Study: Is Power Training the Key to a Long Life?
Your clients know that exercise is good for them, but a little extra evidence never hurts, especially if you’re collaborating with them on their resistance-training goals. A new study reinforces the idea that staying fit and strong are essential to living a long life, but also provides clarity on the type of training that provides the greatest benefit to longevity.
The researchers, who presented their findings earlier this year at EuroPrevent 2019, a scientific congress of the European Society of Cardiology, concluded that, when it comes to living longer, power training is more important than muscle strength.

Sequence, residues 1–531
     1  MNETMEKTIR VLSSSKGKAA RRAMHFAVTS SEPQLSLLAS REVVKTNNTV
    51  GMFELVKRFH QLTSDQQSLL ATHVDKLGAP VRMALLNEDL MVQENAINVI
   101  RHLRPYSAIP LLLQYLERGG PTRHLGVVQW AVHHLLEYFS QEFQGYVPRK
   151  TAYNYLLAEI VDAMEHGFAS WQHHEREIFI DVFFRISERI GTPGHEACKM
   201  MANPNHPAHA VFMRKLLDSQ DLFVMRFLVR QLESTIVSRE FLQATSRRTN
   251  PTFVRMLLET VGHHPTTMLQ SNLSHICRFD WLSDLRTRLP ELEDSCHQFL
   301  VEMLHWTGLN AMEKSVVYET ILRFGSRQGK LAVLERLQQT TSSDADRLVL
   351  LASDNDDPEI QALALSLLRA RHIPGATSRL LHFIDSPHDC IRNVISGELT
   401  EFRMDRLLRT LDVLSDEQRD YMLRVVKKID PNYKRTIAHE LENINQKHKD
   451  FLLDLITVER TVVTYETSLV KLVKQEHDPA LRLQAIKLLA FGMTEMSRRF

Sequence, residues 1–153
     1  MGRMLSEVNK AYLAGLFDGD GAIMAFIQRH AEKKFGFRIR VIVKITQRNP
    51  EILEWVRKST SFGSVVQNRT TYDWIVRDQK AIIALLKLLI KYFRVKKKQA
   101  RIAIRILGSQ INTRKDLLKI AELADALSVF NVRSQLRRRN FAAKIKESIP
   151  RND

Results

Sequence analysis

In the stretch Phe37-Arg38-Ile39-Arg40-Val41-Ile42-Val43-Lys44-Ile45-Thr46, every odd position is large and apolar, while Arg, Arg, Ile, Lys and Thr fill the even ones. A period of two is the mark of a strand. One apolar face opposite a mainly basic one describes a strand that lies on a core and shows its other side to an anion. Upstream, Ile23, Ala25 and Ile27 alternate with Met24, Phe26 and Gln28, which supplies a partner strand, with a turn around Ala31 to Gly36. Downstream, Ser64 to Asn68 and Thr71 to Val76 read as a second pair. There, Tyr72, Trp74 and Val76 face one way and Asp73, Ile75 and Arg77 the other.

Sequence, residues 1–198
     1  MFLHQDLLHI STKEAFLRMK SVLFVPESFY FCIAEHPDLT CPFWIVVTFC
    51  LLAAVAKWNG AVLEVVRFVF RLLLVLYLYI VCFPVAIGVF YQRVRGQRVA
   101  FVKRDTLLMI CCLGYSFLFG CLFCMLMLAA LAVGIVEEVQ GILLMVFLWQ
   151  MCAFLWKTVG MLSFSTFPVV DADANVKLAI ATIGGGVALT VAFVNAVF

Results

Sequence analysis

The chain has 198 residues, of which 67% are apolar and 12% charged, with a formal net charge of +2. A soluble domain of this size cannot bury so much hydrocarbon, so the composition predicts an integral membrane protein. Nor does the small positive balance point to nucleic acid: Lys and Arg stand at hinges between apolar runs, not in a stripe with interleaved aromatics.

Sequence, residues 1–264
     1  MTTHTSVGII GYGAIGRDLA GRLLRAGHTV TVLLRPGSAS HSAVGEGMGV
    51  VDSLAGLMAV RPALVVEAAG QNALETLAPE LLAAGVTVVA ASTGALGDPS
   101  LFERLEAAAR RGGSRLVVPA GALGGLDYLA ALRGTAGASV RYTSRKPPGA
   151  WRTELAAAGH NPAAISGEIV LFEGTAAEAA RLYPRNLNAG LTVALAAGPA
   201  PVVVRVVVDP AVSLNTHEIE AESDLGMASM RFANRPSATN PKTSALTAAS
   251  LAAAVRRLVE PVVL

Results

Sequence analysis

“Rising from a chair in old age or kicking a ball depend more on muscle power than muscle strength, yet most weight-bearing exercise focuses on the latter,” explains study author Professor Claudio Gil Araújo, director of research and education, Exercise Medicine Clinic – CLINIMEX, in Rio de Janeiro, Brazil. “Our study shows for the first time that people with more muscle power tend to live longer.”
Power depends on the ability to generate force and velocity, and to coordinate movement. In other words, it is the measure of the work performed per unit time (force multiplied by distance). More power is produced when the same amount of work is completed in a shorter period or when more work is performed during the same period. Whereas climbing stairs requires power—the faster you climb, the more power you need, holding or pushing a heavy object requires strength (American College of Sports Medicine, 2009).